Do Cell Phones Belong in School?
By Professor James Carlovsky
Described as portable computers and the Swiss army knife of technologies, mobile phones have been historically banned in K-12 schools due to the perceptions that they are disruptive (O’Bannon & Thomas, 2015). However, times are changing.
A recent study by Bradford Networks (2013) found that 89% of colleges and universities and 44% of K-12 school districts in the United States and United Kingdom allow students to bring their own devices to use on school networks.
So what are the benefits and barriers to using mobile phones in the classroom? What should your school do about mobile phones?
One of the greatest pedagogical benefits of a mobile phone is their ability to involve students of a variety of ages in meaningful learning opportunities from anywhere (Ally, 2009).
Mobile phones give a student access to the Internet that allows for a variety of online research. Student access to the Internet was identified as the number one benefit of using mobile phones in the classroom (O’Bannon & Thomas, 2014; O’Bannon & Thomas, 2015).
Mobile phones have the ability to communicate in a variety of modalities. For example, texting gives a student the ability to collaborate among classmates and other teachers. Recording audio and video on a mobile phone gives the student a way to create meaning within a lesson in a new and exciting way. Lessons can be personalized, student-centered, differentiated, and delivered to a student’s fingertips.
In addition, mobile phones can bring students additional tools like a digital camera, calculator, and thousands of mobile apps. Mobile phones expand the walls of a classroom to anywhere that the Internet can go.
Many teachers find mobile phones disruptive and a distraction. Even students who self-assess their use of mobile phones in the classroom see them as a distraction from learning (McCoy, 2013).
Educators worry about the influence of textese—abbreviations and slang within text messaging—on a student’s written language skills or even that student’s general literacy.
Educators have other concerns that include cheating, sexting, and bullying each other in a variety of easy ways at any hour of the day. At times, it is clear that phones are being used in the classroom to send messages to cheat (Bohlander & Tindell, 2012).
There are also additional challenges to educators, like a fear of the unknown; a fear of change; a lack of training, modeling, or personal use; or even a negative school environment.
Parents have concerns about their children spending so much time with cell phones instead of active play (Gilroy, 2003).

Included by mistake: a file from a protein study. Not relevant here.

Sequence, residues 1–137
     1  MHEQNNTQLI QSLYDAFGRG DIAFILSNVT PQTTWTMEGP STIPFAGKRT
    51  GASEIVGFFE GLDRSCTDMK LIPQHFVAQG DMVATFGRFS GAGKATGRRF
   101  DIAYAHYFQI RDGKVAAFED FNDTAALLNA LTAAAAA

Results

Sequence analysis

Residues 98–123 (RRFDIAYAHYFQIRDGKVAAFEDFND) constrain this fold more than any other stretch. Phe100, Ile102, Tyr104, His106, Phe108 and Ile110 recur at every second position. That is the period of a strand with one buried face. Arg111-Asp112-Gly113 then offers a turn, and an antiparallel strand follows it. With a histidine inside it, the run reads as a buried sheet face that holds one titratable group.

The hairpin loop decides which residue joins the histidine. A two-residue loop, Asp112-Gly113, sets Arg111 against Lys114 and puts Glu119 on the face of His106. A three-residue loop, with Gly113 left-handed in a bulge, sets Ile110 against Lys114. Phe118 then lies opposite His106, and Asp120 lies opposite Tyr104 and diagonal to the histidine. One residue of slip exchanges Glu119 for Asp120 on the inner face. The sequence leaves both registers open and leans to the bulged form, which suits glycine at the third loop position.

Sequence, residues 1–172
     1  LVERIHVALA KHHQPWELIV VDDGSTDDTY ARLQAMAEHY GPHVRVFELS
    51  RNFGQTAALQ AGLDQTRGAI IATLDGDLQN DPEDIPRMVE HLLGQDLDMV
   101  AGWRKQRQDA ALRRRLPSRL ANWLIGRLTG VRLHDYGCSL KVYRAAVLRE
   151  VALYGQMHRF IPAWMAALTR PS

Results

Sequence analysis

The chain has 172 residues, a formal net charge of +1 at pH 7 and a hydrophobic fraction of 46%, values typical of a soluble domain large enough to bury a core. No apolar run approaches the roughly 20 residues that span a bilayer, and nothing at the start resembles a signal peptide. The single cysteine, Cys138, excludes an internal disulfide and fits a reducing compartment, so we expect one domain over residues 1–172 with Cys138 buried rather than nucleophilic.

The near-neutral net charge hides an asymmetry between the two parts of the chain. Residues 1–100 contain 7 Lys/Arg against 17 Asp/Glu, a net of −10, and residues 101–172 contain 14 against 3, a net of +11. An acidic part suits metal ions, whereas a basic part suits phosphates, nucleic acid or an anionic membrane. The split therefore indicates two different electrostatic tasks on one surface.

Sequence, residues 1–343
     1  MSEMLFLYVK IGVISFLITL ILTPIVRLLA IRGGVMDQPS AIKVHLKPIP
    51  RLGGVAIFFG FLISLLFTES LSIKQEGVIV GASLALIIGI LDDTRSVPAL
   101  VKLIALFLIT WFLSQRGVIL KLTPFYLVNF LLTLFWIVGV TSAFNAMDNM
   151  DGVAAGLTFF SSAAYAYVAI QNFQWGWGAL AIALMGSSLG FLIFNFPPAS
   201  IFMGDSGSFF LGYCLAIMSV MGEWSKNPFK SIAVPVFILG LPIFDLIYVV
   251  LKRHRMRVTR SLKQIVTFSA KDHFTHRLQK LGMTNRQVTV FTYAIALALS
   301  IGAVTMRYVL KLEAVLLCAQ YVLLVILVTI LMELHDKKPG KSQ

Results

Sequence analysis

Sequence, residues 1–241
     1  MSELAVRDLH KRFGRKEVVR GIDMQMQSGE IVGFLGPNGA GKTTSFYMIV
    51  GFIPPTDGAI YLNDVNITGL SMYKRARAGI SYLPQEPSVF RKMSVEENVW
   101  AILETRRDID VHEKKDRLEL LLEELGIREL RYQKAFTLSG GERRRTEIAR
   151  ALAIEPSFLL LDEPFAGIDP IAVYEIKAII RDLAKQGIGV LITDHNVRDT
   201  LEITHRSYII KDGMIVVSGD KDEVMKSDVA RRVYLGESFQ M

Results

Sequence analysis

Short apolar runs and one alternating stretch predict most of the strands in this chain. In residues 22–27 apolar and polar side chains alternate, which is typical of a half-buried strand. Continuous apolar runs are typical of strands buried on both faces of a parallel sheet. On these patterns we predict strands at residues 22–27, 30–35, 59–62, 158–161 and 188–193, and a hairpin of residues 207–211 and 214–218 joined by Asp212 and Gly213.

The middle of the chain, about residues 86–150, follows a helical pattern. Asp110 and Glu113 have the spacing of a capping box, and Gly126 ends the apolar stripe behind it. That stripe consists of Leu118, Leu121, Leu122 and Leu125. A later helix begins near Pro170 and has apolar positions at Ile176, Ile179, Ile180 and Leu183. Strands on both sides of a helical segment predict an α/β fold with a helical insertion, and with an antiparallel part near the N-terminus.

The Internet on a mobile phone is not filtered by schools and causes concerns for many parents and school boards.
O’Bannon and Thomas (2014) found that there was a direct relationship between teachers over the age of 50 and use of mobile phones in the classroom. Although the percentage continually rises, teachers over the age of 50 are significantly less likely to own a smartphone. The same teachers were less likely to support the use of a mobile phone in a classroom. They also perceive a mobile phone as less useful for school-related work and as a larger barrier that is problematic in a school setting.
While this study cannot be generalized for every school setting, it can shed some light on faculties or school boards divided over a clear mobile phone policy.
What to do?
So what should a school do? Websites like debate.org have been set up to allow students to voice their opinions on this topic. PBS has argued the pro and con of this debate. Edutopia has also taken the positive and negative stances.
So which rules are reasonable for your school? In general, students do not feel that teachers are aware of their texting behavior (Bohlander & Tindell, 2012). A majority of schools have policies in place, and parents are generally supportive of a clear policy. However, a policy on cell phone use made only a few years ago may be outdated by today’s technology (Coffey & Obringer, 2007).
The days where cell phones can be confiscated at the door are probably gone, as parents expect communication avenues with their children at various points throughout the day and students expect the connectivity their devices provide.
One final piece for a school faculty or board to debate is the educational purpose of a mobile phone. Interactive polling like Kahoot! or Poll Everywhere gives teachers real-time data about a variety of students’ abilities. Flipped classroom models, whether home-grown or delivered by websites like Khan Academy, give teachers the ability to guide students in ways that best meet their learning styles. The Teaching Channel has videos that help train a teacher in mobile phone use within the classroom.
Mobile phones in students’ hands challenge teachers to rethink assessments that rely on factual recall and move assessments to unique demonstrations of knowledge. However, a teacher needs to have the final say as to when a mobile phone can rightfully be turned off or put away.
James Carlovsky (MLC ’02) teaches math and technology courses at Martin Luther College, New Ulm MN.